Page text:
What is an emotion?


Emotion is a mental state associated with the nervous system brought on by chemical changes variously associated with thoughts, feelings, behavioral responses, and a degree of pleasure or displeasure. — Wikipedia
There is currently no scientific consensus on a definition.
Emotion is often intertwined with mood, temperament, personality, disposition, and motivation.
The word «emotion» dates back to 1579, when it was adapted from the French word émouvoir, which means «to stir up».
Some cross cultural studies indicate that the categorization of «emotion» and classification of basic emotions such as «anger» and «sadness» are not universal and that the boundaries and domains of these concepts are categorized differently by all cultures.
In psychiatry and psychology, an inability to express or perceive emotion is sometimes referred to as alexithymia
Emotion can be differentiated from a number of similar constructs:
Feeling — not all feelings include emotion, such as the feeling of knowing. Feelings are the subjective representation of emotions, private to the individual experiencing them.
Moods — diffuse affective states that generally last for much longer durations than emotions, are also usually less intense than emotions and often appear to lack a contextual stimulus.
Affect — used to describe the experience of feeling or emotion.
Emotions facilitate adaptive responses to environmental challenges.
Emotions are a result of evolution because they provided good solutions to ancient and recurring problems that faced our ancestors.
Emotions facilitate adaptive responses to environmental challenges.
Emotions are a result of evolution because they provided good solutions to ancient and recurring problems that faced our ancestors.
For more than 40 years, Paul Ekman has supported the view that emotions are discrete, measurable, and physiologically distinct. Ekman’s most influential work revolved around the finding that certain emotions appeared to be universally recognized.


Another research findings led him to classify six emotions as basic: anger, disgust, fear, happiness, sadness and surprise. Later in his career, Ekman theorized that other universal emotions may exist beyond these six. He later expanded his list of basic emotions to include such things as pride, shame, embarrassment, and excitement.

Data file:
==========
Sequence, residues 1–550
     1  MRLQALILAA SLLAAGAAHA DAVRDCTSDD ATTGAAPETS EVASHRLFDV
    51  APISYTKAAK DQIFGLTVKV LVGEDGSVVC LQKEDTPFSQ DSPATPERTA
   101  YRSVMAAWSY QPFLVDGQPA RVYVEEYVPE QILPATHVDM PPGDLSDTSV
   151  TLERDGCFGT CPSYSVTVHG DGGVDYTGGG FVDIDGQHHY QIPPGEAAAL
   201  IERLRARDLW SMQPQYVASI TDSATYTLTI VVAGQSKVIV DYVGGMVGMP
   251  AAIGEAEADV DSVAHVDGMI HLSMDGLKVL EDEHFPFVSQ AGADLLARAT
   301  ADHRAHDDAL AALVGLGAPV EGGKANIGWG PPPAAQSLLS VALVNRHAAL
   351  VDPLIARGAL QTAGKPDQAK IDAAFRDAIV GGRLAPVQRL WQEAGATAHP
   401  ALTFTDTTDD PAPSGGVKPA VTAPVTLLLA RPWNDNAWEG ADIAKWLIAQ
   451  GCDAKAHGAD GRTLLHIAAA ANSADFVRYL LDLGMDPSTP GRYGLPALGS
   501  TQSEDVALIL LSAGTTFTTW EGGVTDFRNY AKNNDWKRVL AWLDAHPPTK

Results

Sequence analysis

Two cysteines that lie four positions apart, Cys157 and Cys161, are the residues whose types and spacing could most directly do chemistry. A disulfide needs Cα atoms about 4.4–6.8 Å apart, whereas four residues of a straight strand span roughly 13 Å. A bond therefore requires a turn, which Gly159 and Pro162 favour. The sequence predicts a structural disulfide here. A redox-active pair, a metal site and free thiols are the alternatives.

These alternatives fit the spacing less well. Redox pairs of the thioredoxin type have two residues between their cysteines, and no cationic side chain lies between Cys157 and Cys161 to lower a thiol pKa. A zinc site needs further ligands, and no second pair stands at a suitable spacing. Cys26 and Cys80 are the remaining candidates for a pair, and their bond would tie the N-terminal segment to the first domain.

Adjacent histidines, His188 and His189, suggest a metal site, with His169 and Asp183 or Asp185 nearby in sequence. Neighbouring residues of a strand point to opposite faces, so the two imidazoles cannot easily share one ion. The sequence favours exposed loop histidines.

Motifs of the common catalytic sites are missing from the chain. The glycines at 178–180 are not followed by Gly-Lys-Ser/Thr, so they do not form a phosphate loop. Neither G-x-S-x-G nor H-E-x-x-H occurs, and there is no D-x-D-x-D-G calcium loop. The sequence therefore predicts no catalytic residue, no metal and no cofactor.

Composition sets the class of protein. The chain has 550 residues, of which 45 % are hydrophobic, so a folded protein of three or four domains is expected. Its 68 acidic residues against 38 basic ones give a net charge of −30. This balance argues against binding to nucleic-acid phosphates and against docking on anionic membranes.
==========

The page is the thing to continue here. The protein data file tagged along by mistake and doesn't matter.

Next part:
Fear is a powerful emotion that can also play an important role in survival. When you face some sort of danger and experience fear, you go through what is known as the fight or flight response.

Sadness is another type of emotion often defined as a transient emotional state characterized by feelings of disappointment, grief, hopelessness, disinterest, and dampened mood.

Like other emotions, sadness is something that all people experience from time to time. In some cases, people can experience prolonged and severe periods of sadness that can turn into depression.

Of all the different types of emotions, happiness tends to be the one that people strive for the most. Happiness is often defined as a pleasant emotional state that is characterized by feelings of contentment, joy, gratification, satisfaction, and well-being.

Your muscles become tense, your heart rate and respiration increase, and your mind becomes more alert, priming your body to either run from the danger or stand and fight. This response helps ensure that you are prepared to effectively deal with threats in your environment.

Surprise is another one of the six basic types of human emotions originally described by Eckman. Surprise is usually quite brief and is characterized by a physiological startle response following something unexpected.
This type of emotion can be positive, negative, or neutral. An unpleasant surprise, for example, might involve someone jumping out from behind a tree and scaring you as you walk to your car at night. An example of a pleasant surprise would be arriving home to find that your closest friends have gathered to celebrate your birthday.

It is important to remember, however, that no emotion is an island. Instead, the many emotions you experience are nuanced and complex, working together to create the rich and varied fabric of your emotional life.

Բելա Դարբինյան, ՀՀ ԳԱԱ Գիտակրթական միջազգային կենտրոն, մագիստրատուրա, հոգեբանություն 1-ին կուրս

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